Outer Coast, Sitka Tribe of Alaska, and Sitka Conservation Society present a conversation with John Sledd, Seattle attorney representing Western Washington tribes in litigation over state culvert placement. The case is a culmination of a protracted legal battle between Western Washington tribes and the state of Washington over the violation of treaty-based duties to preserve fish runs and habitat.
This presentation takes place from 6-7:30 p.m. on Monday, July 23, at the Sitka Public Library.
Sledd will discuss the Tribes’ long struggle to protect their fishing rights, the recent US Supreme Court ruling in favor of the Tribes, and the lessons Washington vs. United States may hold for Alaska. Join us for a night of enlightenment and discussion.
FOOD ASSESSMENT DOUGH: From left, Sitka Health Summit Steering Committee members Ellen Daly, Elisabeth Crane and Penny Lehmann present a check for project seed money to representatives from the Community Food Assessment for a Food Resilient Sitka community wellness project, Renae Mathson (fourth from left), Sabrina Cimerol, Garrett Bauer and Courtney Bobsin.
Representatives from the Sitka Health Summit recently presented a check for seed money to the Community Food Assessment for a Food Resilient Sitka project. The project is one of three community wellness projects that came out of the 2012 Sitka Health Summit in October, and the food assessment will help Sitka improve its food security.
The food assessment will take various forms, from polling local grocery stores and shipping companies to try and gauge how much food comes into the community to developing a survey for community members and families about how much food they consume. The project will look at the food needs in our community, as well as what’s available. It also will include a survey about how much fish and game is used in Sitka, as well as how many people gather seaweed and berries or raise food in gardens.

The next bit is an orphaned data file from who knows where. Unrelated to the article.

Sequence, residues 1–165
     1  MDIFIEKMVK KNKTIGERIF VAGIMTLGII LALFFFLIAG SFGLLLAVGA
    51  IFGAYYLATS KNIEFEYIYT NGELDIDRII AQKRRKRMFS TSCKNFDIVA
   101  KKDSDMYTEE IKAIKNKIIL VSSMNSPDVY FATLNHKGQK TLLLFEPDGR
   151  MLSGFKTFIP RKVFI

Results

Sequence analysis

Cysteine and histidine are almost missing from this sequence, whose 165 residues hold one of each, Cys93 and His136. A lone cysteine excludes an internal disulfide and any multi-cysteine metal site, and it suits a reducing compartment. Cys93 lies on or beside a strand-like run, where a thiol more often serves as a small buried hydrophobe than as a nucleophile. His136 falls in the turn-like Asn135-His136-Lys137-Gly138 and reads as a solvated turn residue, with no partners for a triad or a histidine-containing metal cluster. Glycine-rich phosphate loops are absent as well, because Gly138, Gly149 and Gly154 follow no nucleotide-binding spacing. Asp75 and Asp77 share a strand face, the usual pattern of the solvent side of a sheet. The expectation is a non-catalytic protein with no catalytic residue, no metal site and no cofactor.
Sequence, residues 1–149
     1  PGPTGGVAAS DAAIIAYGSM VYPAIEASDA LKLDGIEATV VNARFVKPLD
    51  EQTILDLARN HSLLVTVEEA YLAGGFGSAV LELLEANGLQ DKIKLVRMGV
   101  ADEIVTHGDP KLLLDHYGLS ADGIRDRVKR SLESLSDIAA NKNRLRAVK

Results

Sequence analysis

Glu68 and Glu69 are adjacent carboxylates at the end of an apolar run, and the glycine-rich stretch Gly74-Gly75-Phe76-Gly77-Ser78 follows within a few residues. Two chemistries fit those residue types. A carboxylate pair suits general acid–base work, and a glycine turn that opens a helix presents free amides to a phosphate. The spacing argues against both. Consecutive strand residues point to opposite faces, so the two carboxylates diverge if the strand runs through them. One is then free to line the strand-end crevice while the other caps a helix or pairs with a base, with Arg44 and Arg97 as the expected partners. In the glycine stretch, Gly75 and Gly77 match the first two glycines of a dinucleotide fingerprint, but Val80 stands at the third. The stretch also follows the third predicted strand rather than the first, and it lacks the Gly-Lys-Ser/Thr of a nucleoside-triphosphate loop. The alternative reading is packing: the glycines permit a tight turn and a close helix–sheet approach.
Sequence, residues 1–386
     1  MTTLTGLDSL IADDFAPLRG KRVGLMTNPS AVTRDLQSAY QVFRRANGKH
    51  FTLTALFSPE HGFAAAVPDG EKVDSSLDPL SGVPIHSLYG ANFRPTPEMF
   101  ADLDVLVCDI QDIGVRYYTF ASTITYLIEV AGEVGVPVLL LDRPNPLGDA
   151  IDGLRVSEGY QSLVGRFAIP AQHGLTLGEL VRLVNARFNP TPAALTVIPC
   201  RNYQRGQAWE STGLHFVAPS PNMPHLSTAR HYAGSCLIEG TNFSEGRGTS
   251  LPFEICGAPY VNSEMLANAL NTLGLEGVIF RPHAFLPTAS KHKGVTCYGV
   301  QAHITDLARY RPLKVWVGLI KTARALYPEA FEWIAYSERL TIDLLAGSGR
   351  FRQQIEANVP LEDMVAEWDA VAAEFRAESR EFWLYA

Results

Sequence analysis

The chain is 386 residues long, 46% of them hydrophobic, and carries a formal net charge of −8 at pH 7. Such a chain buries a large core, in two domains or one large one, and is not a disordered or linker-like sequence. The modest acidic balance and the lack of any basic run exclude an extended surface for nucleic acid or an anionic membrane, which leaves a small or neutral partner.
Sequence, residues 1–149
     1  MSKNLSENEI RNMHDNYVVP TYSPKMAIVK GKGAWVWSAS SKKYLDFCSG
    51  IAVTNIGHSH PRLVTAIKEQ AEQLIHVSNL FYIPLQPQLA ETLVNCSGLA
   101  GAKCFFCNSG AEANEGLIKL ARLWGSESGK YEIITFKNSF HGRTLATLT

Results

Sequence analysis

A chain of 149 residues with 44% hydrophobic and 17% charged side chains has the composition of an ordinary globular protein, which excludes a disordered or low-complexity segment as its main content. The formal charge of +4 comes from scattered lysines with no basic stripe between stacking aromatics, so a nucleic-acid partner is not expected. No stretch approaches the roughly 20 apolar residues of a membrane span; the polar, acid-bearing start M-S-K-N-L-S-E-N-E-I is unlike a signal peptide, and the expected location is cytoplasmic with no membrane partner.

The community food assessment recognizes that everybody in Sitka has access to affordable, quality food from stable food systems. The group meets on the second Wednesday each month, and the next meeting is from 5:30-7 p.m. on Wednesday, Feb. 13, at the Sitka Sound Science Center.
For more information, contact Renae Mathson at 966-8797 or firstname.lastname@example.org, or contact Andrianna Natsoulas at 747-3477 or email@example.com. Sitka residents can ask to join the Google Groups e-mail list for the project to keep up to date with what’s happening.
At the 2012 Sitka Health Summit, “Developing a Community Food Assessment for a Food Resilient Sitka” was selected as one of the top three goals for 2012-2013. All members of the public who are interested in this initiative are cordially invited to a kick-off gathering from 5-7 p.m. on Monday, Oct. 29, in Room 108 at the Rasmuson Building located on the Sheldon Jackson campus.
Are you concerned about where your food comes from and how it gets to Sitka? Have you ever wondered what happens if the barge doesn’t arrive? Are you worried about rising food prices and do you worry about the future of Sitka’s food needs? What percentage of Sitka’s food is locally harvested? Do you feel the fish and game food resources you harvest are adequately protected?
Those and other questions will be asked as part of the community food assessment. All members of Sitka’s community have a need for and a right to healthy, stable, affordable food. We are interested in finding community groups and individuals who can help us in the planning stages of this assessment.
Snacks and refreshments will be provided. For more information, contact Renae Mathson at 966-8797 or firstname.lastname@example.org.
The publicity poster for the movie Eating Alaska
The movie, “Eating Alaska,” will be shown at 7 p.m. on Thursday, July 16, at the Kettleson Memorial Library in Sitka. The movie is free. “Eating Alaska” is a documentary movie by Sitka filmmaker Ellen Frankenstein about how Alaskans make their food choices. In addition to the movie, other Sitka residents will be on hand to discuss the harvesting and drying of seaweed, local medicinal plants, wild edibles and cultivating wild plants.
Click here to go to the “Eating Alaska” movie Web site.